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The overall purpose of this study is to see whether the drug is safe and well tolerated when given to overweight or obese but otherwise healthy volunteers for 10 days. Up to 4 groups of people will be given the drug at variable strengths. The blood levels of the drug will be measured and the effects on mood and cognition (the mental processes involved in awareness, learning and judgement) will be assesed.
This study is to test a new drug which may be used for treating eating behaviour and patterns that some overweight and obese patients find difficult to control. The drug works by inhibiting the effects of messenger molecules called opioids, e.g. endorphins. These opioids are naturally produced within the human body and control hunger, thirst, and the pleasurable feelings we relate to eating food. The drug attaches to opioid binding sites in the brain, known as mu-opioid receptors; this blocks the natural effect of opioids which may reduce the craving to eat fatty or sugary foods. Single doses of the drug have been given to humans and showed it was safe. Now the drug will be given every day for 10 days to check that the drug is safe and tolerated when given repeatedly. The study is in two parts:
Part A: people will receive a sleeping tablet to make them sleepy (or a dummy drug) and will complete some questionnaires and simple tests including computer exercises to test the effect of this tablet on mood and cognition. This information will be used to help judge what is happening in Part B.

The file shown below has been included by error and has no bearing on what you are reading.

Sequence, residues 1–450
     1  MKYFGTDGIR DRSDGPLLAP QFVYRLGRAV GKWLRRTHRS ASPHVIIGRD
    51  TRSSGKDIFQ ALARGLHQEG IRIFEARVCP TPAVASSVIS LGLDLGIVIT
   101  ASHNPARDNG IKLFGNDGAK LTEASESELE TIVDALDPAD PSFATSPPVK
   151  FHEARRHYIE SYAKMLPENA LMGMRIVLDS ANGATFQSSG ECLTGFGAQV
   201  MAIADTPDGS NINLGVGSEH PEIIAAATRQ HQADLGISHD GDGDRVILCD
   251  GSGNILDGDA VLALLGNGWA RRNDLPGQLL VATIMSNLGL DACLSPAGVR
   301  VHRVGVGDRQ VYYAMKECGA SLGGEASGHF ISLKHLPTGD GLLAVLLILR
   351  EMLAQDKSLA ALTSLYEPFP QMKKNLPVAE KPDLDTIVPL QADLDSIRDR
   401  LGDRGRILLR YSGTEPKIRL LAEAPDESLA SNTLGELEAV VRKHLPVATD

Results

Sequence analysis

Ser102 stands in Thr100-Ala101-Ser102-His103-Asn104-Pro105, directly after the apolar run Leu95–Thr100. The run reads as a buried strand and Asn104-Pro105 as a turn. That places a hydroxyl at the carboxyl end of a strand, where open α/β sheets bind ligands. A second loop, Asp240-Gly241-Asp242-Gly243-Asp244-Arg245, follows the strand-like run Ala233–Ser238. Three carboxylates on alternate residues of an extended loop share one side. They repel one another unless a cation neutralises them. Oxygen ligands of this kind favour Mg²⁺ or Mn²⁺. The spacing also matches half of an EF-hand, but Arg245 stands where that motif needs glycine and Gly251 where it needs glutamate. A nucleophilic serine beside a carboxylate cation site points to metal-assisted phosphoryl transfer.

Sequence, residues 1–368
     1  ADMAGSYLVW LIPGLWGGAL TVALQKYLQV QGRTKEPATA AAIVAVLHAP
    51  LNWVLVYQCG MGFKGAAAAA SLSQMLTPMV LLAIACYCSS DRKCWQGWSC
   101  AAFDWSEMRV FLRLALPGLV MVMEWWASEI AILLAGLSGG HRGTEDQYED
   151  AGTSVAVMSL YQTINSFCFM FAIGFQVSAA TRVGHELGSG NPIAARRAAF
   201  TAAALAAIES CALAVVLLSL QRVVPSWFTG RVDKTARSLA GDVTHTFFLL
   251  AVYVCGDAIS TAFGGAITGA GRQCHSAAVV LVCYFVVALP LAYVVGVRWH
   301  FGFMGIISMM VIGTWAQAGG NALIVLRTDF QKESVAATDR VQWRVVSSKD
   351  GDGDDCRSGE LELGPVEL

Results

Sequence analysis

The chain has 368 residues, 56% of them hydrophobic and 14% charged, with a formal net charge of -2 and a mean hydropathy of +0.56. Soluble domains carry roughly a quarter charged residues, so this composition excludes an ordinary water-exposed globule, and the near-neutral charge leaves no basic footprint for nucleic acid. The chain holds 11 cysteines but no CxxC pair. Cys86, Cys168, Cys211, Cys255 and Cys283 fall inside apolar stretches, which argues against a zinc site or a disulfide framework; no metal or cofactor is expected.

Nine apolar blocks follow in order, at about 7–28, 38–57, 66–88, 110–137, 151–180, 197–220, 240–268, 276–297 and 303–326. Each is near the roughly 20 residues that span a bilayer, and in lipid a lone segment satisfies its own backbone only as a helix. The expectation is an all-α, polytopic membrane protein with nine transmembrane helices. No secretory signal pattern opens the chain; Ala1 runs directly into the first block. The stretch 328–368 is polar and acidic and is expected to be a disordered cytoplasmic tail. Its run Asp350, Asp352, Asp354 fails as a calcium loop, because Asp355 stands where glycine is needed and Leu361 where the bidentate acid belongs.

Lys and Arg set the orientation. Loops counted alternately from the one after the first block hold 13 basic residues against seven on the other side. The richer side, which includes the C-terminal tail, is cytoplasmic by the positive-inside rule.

Part B: requires staying in the unit for 10 days to receive a tablet every day and complete questionnaires and other tests to check for any mood and cognitive changes. Various other assessments will include effects on eating behaviour, pain measures and changes in body composition (content of fat, muscle and water).
Allocation: Randomized, Endpoint Classification: Safety Study, Intervention Model: Parallel Assignment, Masking: Double Blind (Subject, Investigator), Primary Purpose: Treatment
GSK1521498 or placebo, Zolpidem or placebo - Hypnotic drug given for sleep disorders
GSK Investigational Site
Published on BioPortfolio: 2014-08-27T03:19:24-0400
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Misunderstanding among individuals, frequently research subjects, of scientific methods such as randomization and placebo controls.
An effect usually, but not necessarily, beneficial that is attributable to an expectation that the regimen will have an effect, i.e., the effect is due to the power of suggestion.
A short-acting barbiturate that is effective as a sedative and hypnotic (but not as an anti-anxiety) agent and is usually given orally. It is prescribed more frequently for sleep induction than for sedation but, like similar agents, may lose its effectiveness by the second week of continued administration. (From AMA Drug Evaluations Annual, 1994, p236)
Periods of sleep manifested by changes in EEG activity and certain behavioral correlates; includes Stage 1: sleep onset, drowsy sleep; Stage 2: light sleep; Stages 3 and 4: delta sleep, light sleep, deep sleep, telencephalic sleep.
Dyssomnias (i.e., insomnias or hypersomnias) associated with dysfunction of internal sleep mechanisms or secondary to a sleep-related medical disorder (e.g., sleep apnea, post-traumatic sleep disorders, etc.). (From Thorpy, Sleep Disorders Medicine, 1994, p187)
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